Well, I don’t know yet, obviously. But as I am still here, my intent is to dig my heels in, force myself to find more opportunities to integrate, do some things that scare the crap out of me, and refocus on the language in a more regimented way. To be honest, if it weren’t for the political situation in the US, I may very well have gone home by now where I know I can make a decent living and be surrounded by like-minded friends and community where I can solve all my problems IN ENGLISH!

But here I am, and here I remain, for as long as I do or am allowed, taking it one day at a time, dreaming a little bigger, using my energy in more effective ways, and simply remembering to practice gratitude, courage, resilience, and opening to possibility. Oh, and French!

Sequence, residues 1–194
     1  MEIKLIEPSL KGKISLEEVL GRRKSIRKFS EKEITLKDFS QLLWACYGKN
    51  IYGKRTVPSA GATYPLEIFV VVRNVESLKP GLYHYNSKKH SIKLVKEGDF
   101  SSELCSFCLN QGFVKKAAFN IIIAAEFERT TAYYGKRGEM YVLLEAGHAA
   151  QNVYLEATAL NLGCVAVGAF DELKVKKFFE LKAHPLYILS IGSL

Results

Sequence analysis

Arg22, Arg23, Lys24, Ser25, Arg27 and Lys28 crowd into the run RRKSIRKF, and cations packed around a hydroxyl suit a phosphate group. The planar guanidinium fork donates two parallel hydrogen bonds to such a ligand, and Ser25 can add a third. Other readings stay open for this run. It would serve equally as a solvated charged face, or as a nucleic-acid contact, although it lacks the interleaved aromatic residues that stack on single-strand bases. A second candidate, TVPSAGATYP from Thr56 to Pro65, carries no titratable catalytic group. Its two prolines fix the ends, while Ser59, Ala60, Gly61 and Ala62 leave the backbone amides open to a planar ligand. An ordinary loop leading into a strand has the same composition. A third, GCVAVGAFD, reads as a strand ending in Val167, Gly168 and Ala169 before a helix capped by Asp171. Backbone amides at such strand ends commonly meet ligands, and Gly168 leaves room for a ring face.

A Post-Inaugural Philosophical Contemplation

Image Source: Flickr Photo by: Thomas Hawk
Image Source: Flickr
Photo by: Thomas Hawk

Last year, before the presidential election in the US, I was becoming fiercely political. I was right up there with the best of them, alienating friends and relatives on Facebook with my posts and comments about the candidates, the events at Standing Rock, and myriad other issues plaguing my country of origin.